Blue Ridge tacos, kimchi with soup beans and cornbread, family stories hiding in cookbook marginalia, African American mountain gardens—this wide-ranging anthology considers all these and more. Diverse contributors show us that contemporary Appalachian tables and the stories they hold offer new ways into understanding past, present, and future American food practices. The poets, scholars, fiction writers, journalists, and food professionals in these pages show us that what we eat gives a beautifully full picture of Appalachia, where it’s been, and where it’s going. Contributors: Courtney Balestier, Jessie Blackburn, Karida L. Brown, Danille Elise Christensen, Annette Saunooke Clapsaddle, Michael Croley, Elizabeth S. D. Engelhardt, Robert Gipe, Suronda Gonzalez, Emily Hilliard, Rebecca Gayle Howell, Abigail Huggins, Erica Abrams Locklear, Ronni Lundy, George Ella Lyon, Jeff Mann, Daniel S. Margolies, William Schumann, Lora E. Smith, Emily Wallace, Crystal Wilkinson
Secrets are revealed that change everything they thought they knew, and the family is again thrust into the public eye. A dangerous scandal threatens to unravel them once and for all. While Tyree and Mia are more in love than they have ever have been, Mia's past omissions could come back to ruin their happy reunion. With more danger and betrayal looming, will they be able to dig their way out of the latest fiasco, or will the newest threat prove to be their undoing? Tyree Johnston found himself stuck between what his heart wanted and what his head said was right. His ex, Mia, left for Paris the minute her divorce was final, but her love for Tyree and her son brought her back home. Tyree's father, John, had betrayed his entire family, and Tyree and Mia were left to pick up the pieces. In the midst of their struggles, Tyree and Mia found their way back to each other. Now, three years have passed since they last heard from Richmond, who is on the run for murder, so they think they are in the clear. Tyree and Mia have moved on, combining their family businesses to create one huge conglomerate. Then, one fateful day, Richmond resurfaces and begins to make taunting phone calls. He lets his family know they will never be rid of him and that more havoc is headed their way.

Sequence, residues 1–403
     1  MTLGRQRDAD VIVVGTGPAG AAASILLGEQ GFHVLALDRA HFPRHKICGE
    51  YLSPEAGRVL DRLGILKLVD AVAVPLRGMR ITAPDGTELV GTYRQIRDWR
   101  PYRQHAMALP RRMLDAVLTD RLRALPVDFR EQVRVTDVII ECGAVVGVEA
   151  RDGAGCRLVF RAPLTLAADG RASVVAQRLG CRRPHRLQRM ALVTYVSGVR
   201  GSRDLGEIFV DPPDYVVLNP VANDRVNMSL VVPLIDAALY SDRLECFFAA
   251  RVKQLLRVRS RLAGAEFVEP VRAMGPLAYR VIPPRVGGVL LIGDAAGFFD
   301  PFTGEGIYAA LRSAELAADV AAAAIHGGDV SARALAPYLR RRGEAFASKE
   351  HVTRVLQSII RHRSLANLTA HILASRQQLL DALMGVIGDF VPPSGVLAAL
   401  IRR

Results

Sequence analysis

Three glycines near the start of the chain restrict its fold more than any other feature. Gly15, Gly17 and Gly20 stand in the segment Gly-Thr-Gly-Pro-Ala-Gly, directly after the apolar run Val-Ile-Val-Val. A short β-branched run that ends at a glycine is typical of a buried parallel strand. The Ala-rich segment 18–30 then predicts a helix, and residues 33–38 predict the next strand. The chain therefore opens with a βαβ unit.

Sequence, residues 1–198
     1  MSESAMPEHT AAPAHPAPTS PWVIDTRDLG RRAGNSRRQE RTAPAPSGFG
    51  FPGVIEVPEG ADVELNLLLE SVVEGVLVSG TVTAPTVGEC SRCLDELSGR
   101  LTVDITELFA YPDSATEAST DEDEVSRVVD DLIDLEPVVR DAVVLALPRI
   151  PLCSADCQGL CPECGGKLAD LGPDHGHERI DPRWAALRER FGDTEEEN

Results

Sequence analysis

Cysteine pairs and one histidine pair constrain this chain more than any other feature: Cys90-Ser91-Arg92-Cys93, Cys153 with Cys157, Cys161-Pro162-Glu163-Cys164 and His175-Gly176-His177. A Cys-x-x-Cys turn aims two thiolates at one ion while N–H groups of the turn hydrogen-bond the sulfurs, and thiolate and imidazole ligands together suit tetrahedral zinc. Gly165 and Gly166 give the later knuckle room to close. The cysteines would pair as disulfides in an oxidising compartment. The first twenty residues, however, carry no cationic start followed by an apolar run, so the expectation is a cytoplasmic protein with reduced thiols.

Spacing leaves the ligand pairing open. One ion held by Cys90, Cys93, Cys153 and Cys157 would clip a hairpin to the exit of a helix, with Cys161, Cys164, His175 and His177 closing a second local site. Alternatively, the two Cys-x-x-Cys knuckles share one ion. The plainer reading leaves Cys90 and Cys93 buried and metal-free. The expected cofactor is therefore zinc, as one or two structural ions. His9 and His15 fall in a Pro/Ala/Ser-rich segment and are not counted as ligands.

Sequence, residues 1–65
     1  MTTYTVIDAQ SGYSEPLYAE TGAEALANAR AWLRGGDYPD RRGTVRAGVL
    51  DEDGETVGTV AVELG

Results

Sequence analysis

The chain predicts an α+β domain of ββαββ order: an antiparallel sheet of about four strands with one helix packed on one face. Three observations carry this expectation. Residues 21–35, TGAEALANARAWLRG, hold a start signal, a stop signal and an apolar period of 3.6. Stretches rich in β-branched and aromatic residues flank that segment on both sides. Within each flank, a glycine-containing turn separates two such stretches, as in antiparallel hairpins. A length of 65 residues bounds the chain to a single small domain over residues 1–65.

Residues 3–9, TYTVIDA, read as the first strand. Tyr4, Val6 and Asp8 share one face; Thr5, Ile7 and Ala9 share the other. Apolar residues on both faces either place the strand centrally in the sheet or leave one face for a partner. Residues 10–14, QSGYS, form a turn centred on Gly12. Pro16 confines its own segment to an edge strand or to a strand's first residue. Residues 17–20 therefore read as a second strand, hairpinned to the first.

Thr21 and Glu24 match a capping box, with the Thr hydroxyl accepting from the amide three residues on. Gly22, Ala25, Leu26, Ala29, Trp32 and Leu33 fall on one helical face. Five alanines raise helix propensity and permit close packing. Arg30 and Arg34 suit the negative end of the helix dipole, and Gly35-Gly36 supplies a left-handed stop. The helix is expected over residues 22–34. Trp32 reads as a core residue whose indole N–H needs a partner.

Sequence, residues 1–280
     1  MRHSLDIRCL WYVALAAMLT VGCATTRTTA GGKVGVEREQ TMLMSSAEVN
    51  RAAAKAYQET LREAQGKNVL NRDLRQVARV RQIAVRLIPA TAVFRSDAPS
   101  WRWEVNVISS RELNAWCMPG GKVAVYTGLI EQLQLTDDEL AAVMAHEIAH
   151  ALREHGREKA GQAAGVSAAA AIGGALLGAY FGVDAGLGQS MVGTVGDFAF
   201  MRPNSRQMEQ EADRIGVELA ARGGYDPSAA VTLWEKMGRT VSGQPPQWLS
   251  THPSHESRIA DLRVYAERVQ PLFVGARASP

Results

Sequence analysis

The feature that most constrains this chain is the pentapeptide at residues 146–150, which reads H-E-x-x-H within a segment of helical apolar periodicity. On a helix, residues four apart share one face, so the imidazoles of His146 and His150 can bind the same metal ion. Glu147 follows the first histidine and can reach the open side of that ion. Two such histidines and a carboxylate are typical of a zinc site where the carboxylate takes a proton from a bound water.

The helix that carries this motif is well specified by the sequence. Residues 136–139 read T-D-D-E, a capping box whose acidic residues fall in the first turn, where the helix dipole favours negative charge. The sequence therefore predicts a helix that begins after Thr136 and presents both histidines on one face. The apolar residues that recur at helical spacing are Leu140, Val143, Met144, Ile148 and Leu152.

This book analyzes the ways that workers are educated," via a variety of institutions, to fit into the contemporary labour-unfriendly economic system. As he examines the history and purposes of vocational education, Kincheloe illustrates the manner in which this education shapes the politics of the era. How Do We Tell the Workers? is important reading for policy makers, labour leaders, and educators.
Last night I betrayed my husband. This morning my daughter disappeared. My husband may have forgiven my first mistake. But he will never forget this. And so I have to find her. Before it's too late. For all of us.